After the crash was cleared away, I called both stations where operators had acted incorrectly and reported my experience, in the hopes that if a similar call comes in to either of them, they handle it right next time.

  13. A few years ago, my roommate and I thought people were trying to break into our apartment. (We bolted the door at night, and these people apparently had a key to all locks but that one.) We called 911 and fortunately, it turned out that the intruders were gas people our building management neglected to tell us about. But the police officers said that it was totally fine and that we should always call 911 if we feel unsafe. Even if it ends up being a perfectly normal misunderstanding, it’s way better to call and get help immediately.

  14. One thing I’ll toss into the discussion – Your brain will work a little differently in the heat of the moment. You don’t really know how you’ll react until it’s upon you. I was recently alone in a hotel room when the fire alarm woke me from a dead sleep. I leapt out of bed, decided that there was ‘NO TIME FOR UNDERWEAR’ and put on jeans, hoodie, flip-flops and stuck my head out into the hallway. Nothing looked/smelled amiss. Some guy down the hall stuck his head out at the same time, we made eye contact, and we burst out laughing. It was not funny. I wasn’t feeling happy or humorous. I was quite frantic and feeling confused, but my brain somehow connected the ‘laugh’ receptors. I went back into my hotel room, knew I had to leave, and then stood there staring at my laptop and purse, trying to decide which one I should ‘save’. At least 30 seconds lapsed before I realized I could very easily grab both. Luckily when I got downstairs, I was told it was a false alarm (the steam from someone’s shower set it off apparently) – but it was interesting to see how my brain reacted to the situation.
    It was a little embarassing, in hind site, to know I didn’t just get up and get out. I mean really – there’s nothing more obvious than “if you hear an alarm, get out” – yet it took me WAY longer than it should have to actually do-so.

    • had a very similar situation at 5 am at hotel in Paris. I ended up in my bf’s pants and a hoodie (also thought to myself “no time for underwear”)and followed someone-still no idea who- down a back staircase and through a kitchen to the street. I only had one eye open the whole time. I did have the presence of mind to grab my passport, but didn’t realize that I was holding it until I was standing on the street with bed-head and a very sour expression.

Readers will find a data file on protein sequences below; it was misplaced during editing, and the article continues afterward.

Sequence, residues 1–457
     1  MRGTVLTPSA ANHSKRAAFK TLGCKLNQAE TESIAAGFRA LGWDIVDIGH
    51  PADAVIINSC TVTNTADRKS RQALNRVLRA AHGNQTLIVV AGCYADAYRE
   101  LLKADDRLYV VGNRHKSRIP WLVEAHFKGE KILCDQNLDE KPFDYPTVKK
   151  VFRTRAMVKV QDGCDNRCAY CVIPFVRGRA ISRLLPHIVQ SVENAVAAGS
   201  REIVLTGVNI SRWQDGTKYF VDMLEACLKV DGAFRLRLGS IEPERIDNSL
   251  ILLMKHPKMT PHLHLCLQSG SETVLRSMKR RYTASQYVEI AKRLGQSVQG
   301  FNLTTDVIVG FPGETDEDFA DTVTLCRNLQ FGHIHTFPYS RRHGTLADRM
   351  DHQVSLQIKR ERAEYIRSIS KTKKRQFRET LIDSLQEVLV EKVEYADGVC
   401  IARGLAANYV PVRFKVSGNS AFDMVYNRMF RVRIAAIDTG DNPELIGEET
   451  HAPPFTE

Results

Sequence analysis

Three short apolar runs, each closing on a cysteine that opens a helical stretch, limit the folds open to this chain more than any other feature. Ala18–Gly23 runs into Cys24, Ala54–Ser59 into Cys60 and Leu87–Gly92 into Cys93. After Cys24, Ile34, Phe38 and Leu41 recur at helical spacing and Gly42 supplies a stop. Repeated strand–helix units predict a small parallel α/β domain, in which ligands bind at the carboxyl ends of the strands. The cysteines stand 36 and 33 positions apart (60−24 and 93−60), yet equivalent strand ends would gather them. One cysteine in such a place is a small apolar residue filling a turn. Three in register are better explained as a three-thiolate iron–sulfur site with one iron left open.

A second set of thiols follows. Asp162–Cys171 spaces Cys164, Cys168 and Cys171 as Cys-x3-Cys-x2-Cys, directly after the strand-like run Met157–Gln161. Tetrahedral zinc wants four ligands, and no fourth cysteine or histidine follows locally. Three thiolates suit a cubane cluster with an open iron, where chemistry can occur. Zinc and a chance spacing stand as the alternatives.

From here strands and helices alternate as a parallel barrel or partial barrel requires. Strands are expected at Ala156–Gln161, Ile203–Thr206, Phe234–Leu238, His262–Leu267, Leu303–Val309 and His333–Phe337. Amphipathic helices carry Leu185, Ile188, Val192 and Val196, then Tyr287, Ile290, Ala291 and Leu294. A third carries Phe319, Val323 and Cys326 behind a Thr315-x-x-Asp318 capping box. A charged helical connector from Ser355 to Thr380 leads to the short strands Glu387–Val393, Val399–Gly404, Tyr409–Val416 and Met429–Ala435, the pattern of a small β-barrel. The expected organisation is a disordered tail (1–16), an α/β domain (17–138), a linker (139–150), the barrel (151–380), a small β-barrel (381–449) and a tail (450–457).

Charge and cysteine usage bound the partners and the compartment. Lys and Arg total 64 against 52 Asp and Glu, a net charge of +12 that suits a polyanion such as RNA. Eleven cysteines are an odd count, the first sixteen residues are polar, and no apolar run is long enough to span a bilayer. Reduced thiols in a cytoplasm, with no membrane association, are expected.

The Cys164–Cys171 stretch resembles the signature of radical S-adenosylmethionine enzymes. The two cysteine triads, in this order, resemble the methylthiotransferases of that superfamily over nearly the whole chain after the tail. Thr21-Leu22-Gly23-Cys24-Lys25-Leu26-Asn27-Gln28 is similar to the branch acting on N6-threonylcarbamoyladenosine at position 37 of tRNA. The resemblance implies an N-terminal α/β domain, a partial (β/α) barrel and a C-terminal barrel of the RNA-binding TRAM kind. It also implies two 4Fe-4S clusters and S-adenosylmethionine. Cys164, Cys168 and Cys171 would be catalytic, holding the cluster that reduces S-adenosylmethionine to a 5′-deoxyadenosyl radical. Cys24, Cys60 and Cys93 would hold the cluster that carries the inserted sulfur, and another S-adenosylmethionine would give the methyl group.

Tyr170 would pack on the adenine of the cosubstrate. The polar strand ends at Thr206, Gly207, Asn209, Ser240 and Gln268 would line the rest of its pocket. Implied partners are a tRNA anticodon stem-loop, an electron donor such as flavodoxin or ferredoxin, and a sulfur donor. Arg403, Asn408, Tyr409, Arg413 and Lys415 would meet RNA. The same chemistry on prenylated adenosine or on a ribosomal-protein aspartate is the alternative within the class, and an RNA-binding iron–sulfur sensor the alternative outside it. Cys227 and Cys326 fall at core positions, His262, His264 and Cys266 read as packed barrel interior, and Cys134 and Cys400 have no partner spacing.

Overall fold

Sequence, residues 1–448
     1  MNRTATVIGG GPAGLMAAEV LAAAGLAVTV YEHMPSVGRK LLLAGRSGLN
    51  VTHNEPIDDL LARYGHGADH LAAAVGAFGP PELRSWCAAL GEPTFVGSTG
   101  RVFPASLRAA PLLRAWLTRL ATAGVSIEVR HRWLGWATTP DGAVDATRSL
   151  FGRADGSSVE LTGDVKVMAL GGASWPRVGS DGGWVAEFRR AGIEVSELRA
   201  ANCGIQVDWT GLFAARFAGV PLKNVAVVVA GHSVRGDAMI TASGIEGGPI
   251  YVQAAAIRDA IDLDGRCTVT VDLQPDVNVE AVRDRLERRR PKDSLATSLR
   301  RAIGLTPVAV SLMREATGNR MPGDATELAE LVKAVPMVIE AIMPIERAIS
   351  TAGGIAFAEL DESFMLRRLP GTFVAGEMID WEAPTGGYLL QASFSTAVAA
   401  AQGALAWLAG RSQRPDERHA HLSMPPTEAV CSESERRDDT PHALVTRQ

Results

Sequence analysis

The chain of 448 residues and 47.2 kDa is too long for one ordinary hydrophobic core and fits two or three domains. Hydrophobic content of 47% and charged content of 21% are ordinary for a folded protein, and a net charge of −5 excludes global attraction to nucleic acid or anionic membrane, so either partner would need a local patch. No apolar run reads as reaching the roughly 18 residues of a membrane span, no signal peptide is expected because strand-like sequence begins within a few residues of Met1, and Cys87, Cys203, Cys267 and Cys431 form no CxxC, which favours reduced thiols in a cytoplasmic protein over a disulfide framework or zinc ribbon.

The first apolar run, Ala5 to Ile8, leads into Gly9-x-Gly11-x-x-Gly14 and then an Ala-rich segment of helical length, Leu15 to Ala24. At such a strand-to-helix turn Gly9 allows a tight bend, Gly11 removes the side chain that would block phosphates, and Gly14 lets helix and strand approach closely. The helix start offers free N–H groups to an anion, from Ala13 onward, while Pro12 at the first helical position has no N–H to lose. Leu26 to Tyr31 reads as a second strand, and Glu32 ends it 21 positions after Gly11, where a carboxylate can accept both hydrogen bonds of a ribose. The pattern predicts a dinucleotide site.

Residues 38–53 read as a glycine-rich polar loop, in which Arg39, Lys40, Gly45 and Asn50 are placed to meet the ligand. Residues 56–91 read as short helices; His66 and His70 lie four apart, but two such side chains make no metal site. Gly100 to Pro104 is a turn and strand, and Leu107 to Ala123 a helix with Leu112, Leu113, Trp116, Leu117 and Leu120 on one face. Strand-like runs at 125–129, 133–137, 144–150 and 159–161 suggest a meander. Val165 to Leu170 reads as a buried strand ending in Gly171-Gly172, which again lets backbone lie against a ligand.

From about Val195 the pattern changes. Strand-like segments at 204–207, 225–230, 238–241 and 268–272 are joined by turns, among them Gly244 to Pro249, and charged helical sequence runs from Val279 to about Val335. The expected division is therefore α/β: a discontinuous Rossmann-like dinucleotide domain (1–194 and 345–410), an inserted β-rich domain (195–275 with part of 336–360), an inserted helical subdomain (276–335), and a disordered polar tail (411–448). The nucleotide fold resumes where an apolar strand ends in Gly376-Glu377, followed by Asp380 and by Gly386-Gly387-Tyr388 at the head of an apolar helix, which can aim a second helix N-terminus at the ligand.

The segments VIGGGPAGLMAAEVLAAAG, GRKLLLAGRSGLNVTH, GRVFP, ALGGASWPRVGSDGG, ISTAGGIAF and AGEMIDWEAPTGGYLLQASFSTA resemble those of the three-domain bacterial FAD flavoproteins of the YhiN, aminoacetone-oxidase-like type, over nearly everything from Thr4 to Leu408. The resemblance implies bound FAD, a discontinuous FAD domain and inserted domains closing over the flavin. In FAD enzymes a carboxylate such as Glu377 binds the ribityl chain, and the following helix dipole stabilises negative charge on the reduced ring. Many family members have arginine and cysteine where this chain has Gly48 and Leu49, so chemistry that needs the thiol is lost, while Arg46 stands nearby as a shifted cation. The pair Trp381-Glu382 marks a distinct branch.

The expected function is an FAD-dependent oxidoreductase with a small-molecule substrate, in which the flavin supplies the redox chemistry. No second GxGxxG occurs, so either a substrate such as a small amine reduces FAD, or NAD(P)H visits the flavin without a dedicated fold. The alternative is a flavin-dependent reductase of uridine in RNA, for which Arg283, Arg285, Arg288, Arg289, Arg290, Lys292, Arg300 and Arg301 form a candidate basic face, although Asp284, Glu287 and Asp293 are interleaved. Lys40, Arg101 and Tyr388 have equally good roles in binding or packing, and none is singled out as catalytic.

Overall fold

It was a false alarm as well, but I was glad that we were able to react quickly and, for the most part, correctly. The couple we were traveling with heard the alarm and decided to go back to sleep. I shudder to think what would have happened had it been a real situation.
      (*humorous side note- because I had grabbed his pants, boy had to make his great escape in just his boxers. I also didn’t realize this until we hit the street.)

  15. I only have one cat carrier and two cats. Normally it’s not a big deal because I never have to carry them both at once, but I often think about what I’d do in case of a fire. Scary stuff.

    • Ditto, but 3 cats and 2 carriers. I bring this up to my husband from time to time, and he points out that we keep the carriers in a storage closet in the basement anyway – which we would NEVER take the time to go get if our house was on fire. We figure it would be a cat under each arm as we run.

  16. As far as any extra planning goes, something I would suggest as someone in the fire service is have your local fire department come to your house to do an inspection. Not all departments might do this, but I know my home department, plus all the surrounding counties, do. It not only allows the department members to know what they would be walking into if something were to ever happen, but they can help you as the homeowner plan for different types of emergencies. This might seem extreme to some people, and that’s cool, but it really is a good idea if your local department is willing to do it.

    If you live in an apartment, it’s likely your local department has already planned for the main hallways, stairways, lobby, etc., but they may not have gotten a chance to look into one of the units. Go ahead and invite them!

    Just remember: a fire department can not just come into your house uninvited and do this. You have to arrange it. Again, I strongly advise it as someone in the fire service, but it is always up to you as the homeowner. 🙂

    Also, always have a fire extinguisher on hand! Be sure and read the labels and know how to use it before you need it, though!